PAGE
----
Publisher: Secker & Warburg
About: South African gardener finds his own way
Style: 1st person
Where: South Africa
In a South Africa torn by civil war, Michael K sets out to take his ailing mother back to her rural home. On the way there she dies, leaving him alone in an anarchic world of brutal roving armies.
Imprisoned, Michael is unable to bear confinement and escapes, determined to live with dignity. This life-affirming novel illuminates the human experience: the need for an interior, spiritual life;
for meaningful connections to the world in which we live; and for purity of vision.
I have escaped the camps; perhaps, if I lie low, I will escape the charity too.
The mistake I made, he thought, going back in time, was not to have had plenty of seeds, a different packet of seeds for each pocket…. Then my mistake was to plant all my seeds together in one
patch. I should have planted them one at a time spread out over miles of veld in patches of soil no larger than my hand, and drawn a map and kept it with me at all times so that every night I could
make a tour of the sites to water them.
And so J.M. Coetzee has written a marvelous work that leaves nothing unsaid—and could not be better said—about what human beings do to fellow human beings in South Africa; but he does not
recognize what the victims, seeing themselves as victims no longer, have done, are doing, and believe they must do for themselves. Does this prevent his from being a great novel? My instinct is to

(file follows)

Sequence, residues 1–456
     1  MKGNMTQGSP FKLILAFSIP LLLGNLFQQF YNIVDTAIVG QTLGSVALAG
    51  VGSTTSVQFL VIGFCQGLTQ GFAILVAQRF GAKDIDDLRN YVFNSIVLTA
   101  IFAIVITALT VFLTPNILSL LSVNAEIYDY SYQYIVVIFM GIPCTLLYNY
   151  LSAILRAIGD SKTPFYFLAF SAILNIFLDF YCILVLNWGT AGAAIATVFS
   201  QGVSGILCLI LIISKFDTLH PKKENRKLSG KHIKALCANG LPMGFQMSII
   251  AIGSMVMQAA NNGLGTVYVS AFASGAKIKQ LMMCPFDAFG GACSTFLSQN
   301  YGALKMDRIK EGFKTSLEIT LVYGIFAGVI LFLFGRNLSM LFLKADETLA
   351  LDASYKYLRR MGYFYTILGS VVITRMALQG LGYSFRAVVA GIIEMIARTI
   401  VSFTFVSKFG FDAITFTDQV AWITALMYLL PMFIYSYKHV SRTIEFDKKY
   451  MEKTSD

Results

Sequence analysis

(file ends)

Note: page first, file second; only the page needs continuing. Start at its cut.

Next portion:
say a vehement “No.”
The New York Review of Books, Nadine Gordimer, 2nd February 1984 - for full review click here
Not so good:
"If Life & Times of Michael K has a flaw, it is in the last-minute imposition of an interior choral interpretation. In the final quarter we are removed, temporarily, from the plain
seeing of Michael K to the self-indulgent diary of the prison doctor who struggles with the entanglements of an increasingly abusive regime. But the doctor's commentary is superfluous; he thickens
the clear tongue of the novel by naming its "message" and thumping out ironies." -
Cynthia Ozick, The New York Times Book Review
About the author
J M Coetzee was born in South Africa in 1940. His novels include Waiting for the Barbarians (awarded the James Tait Black Memorial Prize in 1980) and The Master of Petersburg (awarded the Irish
Times International Fiction Prize in 1995). In 2003 he was awarded the Nobel Prize for Literature. J M Coetzee lives in Australia.